Radio survey results: the battle for ears continues across the radio divide

The moment TNS New Zealand releases its radio survey results, the media industry generally buzzes in competitive chaos as everyone vies to get the often confusing statistics published as quickly as possible. Given that we all know that the storm is coming, this one of the few times when interviews are scheduled weeks in advance, questions are emailed pre-emptively and past results are collated in an anticipatory move. This year did not disappoint, and we were again given a fair dose of chaos. So without further ado, here’s a breakdown of some of the key trends recorded in the latest results.

To attain the results, TNS surveyed 3,207 people older than ten over a six-week period. And when all the statistics were collated, the results showed that every week, on a national level, commercial radio reaches 74.5 percent of people aged 10 years and over, 70.0 percent of those aged 18-34 years and 78.5 percent of those between 25 and 54 years. 

The survey found The Edge, which has the ears of about 454,400 New Zealanders each week, to be the most popular commercial radio station in New Zealand, while Newstalk ZB came in second place with 376,200 listeners, followed by the ZM network with 346,900 listeners, The Breeze with 315,000 and The Rock with 302,100.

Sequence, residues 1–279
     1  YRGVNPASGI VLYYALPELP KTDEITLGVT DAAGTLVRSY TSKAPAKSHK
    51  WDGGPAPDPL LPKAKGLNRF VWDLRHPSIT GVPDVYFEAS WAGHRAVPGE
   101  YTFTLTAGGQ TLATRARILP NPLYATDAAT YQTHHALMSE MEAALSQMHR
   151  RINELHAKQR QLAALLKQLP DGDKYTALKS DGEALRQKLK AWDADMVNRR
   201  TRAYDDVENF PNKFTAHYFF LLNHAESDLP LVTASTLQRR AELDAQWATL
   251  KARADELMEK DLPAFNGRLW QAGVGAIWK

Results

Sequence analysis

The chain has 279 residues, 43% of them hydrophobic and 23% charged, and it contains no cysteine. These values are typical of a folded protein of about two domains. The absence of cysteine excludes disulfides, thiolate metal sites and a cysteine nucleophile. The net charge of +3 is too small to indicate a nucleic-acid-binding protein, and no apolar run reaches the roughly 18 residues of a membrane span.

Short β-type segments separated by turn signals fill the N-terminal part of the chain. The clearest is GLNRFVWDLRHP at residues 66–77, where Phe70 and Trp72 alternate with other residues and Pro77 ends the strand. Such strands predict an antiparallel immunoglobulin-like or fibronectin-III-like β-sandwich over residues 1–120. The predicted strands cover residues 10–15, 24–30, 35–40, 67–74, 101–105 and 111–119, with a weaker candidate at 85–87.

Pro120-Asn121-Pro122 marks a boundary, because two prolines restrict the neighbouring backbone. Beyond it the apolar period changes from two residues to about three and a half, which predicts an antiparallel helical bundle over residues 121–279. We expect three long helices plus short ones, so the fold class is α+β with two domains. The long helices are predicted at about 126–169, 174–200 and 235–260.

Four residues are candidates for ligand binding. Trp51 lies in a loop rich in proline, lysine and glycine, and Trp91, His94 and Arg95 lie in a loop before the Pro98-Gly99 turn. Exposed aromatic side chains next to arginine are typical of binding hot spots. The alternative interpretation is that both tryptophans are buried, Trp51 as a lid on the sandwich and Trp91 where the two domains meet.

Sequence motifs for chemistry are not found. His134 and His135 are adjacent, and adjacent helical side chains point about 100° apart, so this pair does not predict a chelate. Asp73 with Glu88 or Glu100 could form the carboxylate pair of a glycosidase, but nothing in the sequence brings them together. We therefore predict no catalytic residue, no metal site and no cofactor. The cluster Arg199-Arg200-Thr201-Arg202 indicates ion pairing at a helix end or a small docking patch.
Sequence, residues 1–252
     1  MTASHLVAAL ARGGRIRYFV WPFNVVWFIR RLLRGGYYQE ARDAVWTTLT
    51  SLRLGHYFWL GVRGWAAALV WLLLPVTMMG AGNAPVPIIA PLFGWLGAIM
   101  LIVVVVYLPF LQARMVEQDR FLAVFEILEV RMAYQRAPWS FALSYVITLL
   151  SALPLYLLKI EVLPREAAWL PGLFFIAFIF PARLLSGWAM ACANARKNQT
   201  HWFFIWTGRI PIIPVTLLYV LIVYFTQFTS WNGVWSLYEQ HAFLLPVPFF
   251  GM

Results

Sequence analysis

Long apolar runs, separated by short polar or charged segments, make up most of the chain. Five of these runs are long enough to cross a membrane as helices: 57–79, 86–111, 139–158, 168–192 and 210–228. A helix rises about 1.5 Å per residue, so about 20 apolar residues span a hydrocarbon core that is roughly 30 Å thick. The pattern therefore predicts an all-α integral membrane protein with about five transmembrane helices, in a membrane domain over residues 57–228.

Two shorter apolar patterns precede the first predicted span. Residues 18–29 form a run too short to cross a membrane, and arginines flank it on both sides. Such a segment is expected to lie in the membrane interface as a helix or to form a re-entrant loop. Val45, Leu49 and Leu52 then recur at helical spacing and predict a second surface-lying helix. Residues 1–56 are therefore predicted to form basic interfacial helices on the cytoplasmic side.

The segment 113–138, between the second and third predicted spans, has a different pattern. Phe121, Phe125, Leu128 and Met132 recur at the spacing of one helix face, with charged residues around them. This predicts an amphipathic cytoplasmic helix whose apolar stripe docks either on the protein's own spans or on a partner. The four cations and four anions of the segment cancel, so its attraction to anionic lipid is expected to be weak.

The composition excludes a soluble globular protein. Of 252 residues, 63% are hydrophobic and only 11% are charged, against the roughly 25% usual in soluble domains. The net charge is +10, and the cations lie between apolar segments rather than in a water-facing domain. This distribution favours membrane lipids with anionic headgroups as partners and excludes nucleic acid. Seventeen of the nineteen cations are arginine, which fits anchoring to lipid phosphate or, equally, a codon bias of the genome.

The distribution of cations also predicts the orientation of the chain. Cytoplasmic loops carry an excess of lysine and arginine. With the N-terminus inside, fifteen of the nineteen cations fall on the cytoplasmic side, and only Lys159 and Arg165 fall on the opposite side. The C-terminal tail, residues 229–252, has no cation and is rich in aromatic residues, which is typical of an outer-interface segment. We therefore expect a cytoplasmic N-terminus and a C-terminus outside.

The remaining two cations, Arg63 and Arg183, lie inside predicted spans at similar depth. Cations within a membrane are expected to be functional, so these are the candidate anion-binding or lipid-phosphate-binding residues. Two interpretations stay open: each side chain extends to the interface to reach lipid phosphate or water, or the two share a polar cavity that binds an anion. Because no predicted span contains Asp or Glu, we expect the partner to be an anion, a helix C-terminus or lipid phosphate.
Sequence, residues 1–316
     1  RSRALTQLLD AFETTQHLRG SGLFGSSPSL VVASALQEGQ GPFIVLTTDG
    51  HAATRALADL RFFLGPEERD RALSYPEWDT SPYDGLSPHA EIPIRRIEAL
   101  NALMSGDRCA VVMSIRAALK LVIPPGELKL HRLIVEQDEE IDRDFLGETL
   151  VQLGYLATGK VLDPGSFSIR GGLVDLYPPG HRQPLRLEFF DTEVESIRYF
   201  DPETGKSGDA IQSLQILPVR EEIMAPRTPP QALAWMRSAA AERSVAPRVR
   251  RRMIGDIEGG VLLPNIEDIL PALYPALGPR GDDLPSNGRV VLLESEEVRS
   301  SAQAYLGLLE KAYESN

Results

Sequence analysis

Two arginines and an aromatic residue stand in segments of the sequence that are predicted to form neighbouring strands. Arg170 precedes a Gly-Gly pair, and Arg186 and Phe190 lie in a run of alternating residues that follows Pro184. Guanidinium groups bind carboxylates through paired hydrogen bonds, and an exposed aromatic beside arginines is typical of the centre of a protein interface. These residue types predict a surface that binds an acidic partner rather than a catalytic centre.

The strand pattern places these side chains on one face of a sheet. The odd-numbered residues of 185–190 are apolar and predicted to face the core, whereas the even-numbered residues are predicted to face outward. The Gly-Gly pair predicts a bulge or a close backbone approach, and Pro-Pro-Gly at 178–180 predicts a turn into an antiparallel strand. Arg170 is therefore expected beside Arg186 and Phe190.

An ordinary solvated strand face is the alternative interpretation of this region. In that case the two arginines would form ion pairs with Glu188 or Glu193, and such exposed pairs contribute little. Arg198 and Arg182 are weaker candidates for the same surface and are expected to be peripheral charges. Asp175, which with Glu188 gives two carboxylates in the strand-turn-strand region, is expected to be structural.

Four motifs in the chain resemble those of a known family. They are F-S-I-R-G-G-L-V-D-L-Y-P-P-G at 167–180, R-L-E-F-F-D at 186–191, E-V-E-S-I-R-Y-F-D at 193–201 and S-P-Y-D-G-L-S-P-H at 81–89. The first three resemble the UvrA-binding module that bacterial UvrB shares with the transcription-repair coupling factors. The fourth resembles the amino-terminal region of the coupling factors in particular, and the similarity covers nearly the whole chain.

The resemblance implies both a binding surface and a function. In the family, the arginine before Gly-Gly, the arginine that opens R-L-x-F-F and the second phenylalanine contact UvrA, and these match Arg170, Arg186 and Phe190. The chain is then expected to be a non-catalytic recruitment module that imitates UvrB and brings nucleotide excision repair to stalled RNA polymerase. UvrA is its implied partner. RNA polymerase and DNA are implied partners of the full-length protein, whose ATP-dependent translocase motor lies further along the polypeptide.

When compared to the cumulative reach statistics recorded at the same time last year, the top five look much the same, with the exception of Classic Hits, which has been replaced in fourth place by The Breeze, which enjoyed an impressive year-on-year jump from 277,900 to 315,300. 

Andrew Szusterman, the group programme director for MediaWorks Radio, felt that overall the results indicated that “radio continues to thrive, remain agile and deliver new solutions and effective results to [advertisers],” and he was optimistic about MediaWorks Radio’s performance across the board.       

“We have a swag of ‘best ever’ stories – from The Edge’s new Drive Show, The Edge breakfast, The Rock’s continued dominance over the format, the growth of Ali Mau and Willie Jackson on RadioLIVE, The Sound’s continued stronghold on its format along with The Breeze that experienced record cumulative audience in this result.” he says. 

“The introduction of Simon Barnett and Gary McCormick into a number of More FM markets demonstrated they continue to be one  of the best teams in the business, driving a national increase in audience, while James Daniel’s introduction into the Christchurch markets saw their share nearly doubled. George FM cracked the lucrative all males 18 – 39 market in Auckland, coming in at number one, and Mai has blown us all away with record growth in breakfast and drive results.”